Osteoarthritis And Rheumatoid Arthritis Compared
What is the difference between osteoarthritis and rheumatoid arthritis? What symptoms
do they have in common and what symptoms are different? What is the cause of osteoarthritis
versus rheumatoid arthritis?
Both osteoarthritis and rheumatoid arthritis are arthritis which means "swelling
of the joints." However, the cause and type of swelling is very different between
these two forms.
Osteoarthritis is commonly referred to as a wear-and-tear condition or degenerative
joint disease. It develops over time and is generally thought to be age related
though some think there is also a genetic factor to the development of osteoarthritis.
Osteoarthritis is the inflammation and degeneration of the cartilage covering the
bone at the joints. Over time as the cartilage degenerates it leaves the two bones
of the joint rubbing against each other which causes pain and swelling and may eventually
cause the bone to lose its normal shape.
Rheumatoid arthritis is an immune disease where the body attacks the synovium. The
synovium lines the joint space and controls the joint environment. The synovium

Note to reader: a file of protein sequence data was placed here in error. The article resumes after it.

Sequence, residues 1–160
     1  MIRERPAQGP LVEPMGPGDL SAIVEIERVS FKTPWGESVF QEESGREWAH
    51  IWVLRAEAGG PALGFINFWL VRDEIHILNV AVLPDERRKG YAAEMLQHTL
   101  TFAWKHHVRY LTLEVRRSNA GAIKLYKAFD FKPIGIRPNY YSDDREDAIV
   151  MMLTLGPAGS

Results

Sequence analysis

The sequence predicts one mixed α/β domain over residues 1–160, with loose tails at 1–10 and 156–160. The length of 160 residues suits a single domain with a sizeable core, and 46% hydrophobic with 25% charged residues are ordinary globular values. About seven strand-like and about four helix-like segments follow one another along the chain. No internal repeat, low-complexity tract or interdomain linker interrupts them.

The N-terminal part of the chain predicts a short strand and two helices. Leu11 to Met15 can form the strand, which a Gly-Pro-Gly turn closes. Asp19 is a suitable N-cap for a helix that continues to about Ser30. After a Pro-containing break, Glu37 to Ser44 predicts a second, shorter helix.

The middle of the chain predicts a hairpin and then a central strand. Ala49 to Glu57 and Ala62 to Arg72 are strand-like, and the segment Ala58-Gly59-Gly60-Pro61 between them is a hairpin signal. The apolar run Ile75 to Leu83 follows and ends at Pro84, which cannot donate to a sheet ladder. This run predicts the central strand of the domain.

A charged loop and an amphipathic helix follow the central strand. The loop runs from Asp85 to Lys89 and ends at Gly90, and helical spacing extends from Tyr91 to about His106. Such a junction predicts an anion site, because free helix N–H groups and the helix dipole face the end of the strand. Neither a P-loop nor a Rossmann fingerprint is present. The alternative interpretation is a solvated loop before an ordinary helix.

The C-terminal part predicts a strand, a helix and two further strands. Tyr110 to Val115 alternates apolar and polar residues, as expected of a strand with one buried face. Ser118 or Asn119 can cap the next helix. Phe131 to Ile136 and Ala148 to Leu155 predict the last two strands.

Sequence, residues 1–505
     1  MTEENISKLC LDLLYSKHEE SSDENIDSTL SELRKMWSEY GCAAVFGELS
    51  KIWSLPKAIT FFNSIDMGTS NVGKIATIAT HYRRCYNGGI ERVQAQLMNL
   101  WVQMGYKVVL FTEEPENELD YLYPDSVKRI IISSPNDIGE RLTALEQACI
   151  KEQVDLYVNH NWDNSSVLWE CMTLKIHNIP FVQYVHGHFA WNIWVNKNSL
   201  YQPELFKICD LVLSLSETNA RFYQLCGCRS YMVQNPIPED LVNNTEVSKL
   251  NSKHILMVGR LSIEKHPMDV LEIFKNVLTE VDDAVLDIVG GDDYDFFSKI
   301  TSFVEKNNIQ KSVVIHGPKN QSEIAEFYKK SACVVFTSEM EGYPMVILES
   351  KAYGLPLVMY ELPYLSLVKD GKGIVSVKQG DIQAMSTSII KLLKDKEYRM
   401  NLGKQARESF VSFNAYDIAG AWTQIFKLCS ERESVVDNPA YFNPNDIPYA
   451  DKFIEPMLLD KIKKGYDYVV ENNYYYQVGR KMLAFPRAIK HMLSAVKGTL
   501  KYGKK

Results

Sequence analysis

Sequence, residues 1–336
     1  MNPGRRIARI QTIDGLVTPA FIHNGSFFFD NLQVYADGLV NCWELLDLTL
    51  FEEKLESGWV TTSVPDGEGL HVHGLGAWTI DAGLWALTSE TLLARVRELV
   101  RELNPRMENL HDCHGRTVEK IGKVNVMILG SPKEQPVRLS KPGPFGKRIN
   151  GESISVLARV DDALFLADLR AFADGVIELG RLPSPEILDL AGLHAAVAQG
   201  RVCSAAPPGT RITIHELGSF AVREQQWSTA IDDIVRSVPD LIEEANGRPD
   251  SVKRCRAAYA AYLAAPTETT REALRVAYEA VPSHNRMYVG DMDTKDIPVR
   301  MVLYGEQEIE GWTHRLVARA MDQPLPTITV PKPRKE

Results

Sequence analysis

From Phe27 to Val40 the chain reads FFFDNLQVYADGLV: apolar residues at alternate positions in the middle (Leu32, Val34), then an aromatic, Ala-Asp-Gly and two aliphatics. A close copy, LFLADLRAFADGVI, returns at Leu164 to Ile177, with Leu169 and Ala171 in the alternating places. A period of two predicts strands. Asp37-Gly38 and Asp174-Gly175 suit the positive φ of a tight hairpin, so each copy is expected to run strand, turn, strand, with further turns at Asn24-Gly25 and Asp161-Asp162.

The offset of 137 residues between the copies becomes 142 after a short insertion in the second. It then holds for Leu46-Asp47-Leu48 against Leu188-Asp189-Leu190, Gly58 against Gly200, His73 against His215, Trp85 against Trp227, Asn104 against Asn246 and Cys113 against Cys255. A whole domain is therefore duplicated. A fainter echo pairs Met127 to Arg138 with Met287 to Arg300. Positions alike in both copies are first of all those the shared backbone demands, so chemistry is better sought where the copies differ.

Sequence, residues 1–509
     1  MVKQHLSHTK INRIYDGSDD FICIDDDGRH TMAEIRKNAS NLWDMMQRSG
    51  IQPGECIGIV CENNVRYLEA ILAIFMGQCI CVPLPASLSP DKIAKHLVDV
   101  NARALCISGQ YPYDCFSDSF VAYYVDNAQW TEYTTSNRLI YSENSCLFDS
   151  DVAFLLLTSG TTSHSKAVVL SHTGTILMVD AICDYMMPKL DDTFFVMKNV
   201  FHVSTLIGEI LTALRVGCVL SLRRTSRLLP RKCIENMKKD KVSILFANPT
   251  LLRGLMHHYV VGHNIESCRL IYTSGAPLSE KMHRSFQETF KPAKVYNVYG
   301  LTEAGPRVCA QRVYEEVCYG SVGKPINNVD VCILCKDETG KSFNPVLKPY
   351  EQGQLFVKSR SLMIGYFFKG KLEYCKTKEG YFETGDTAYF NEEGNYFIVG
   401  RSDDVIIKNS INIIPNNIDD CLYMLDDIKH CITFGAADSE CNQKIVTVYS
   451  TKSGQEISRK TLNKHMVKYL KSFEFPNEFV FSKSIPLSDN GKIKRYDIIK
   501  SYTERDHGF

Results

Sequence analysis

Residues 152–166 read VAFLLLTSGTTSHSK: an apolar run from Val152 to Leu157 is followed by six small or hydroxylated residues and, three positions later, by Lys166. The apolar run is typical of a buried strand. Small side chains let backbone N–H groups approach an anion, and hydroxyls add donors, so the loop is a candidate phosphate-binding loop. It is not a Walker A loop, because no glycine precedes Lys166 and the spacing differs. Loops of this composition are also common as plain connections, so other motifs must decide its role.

becomes inflamed causing redness, swelling, and pain of the infected joint. If a
joint is stressed or overused while the synovium is inflamed the joint may be damaged.
Rheumatoid arthritis typically develops at much younger ages than osteoarthritis
and there is a form called juvenile rheumatoid arthritis which develops in children.
Osteoarthritis affects only joints whereas rheumatoid arthritis affects other organs
of the body as well.
Osteoarthritis most commonly affects the large joints and joints with the most use
or strain. It is more commonly found in joints of over-weight people probably due
to the excess stress on the joints (such as knees or hips) due to the extra weight.
It may affect only one joint or several joints.
Rheumatoid arthritis may affect any of the joints but may be more common in the
smaller joints of the hands, wrists, ankles, and elbows. It presents itself symmetrically.
That is, one of the diagnosing factors of rheumatoid arthritis is that usually if
a finger joint is affected on the left hand then a finger joint will also be affected
on the right hand. It affects joints symmetrically across the body.
The commonality of osteoarthritis and rheumatoid arthritis is that both affect the
joints and cause joint pain and even damage. The similarities stop there as they
each have different causes and outcomes as well as different treatments.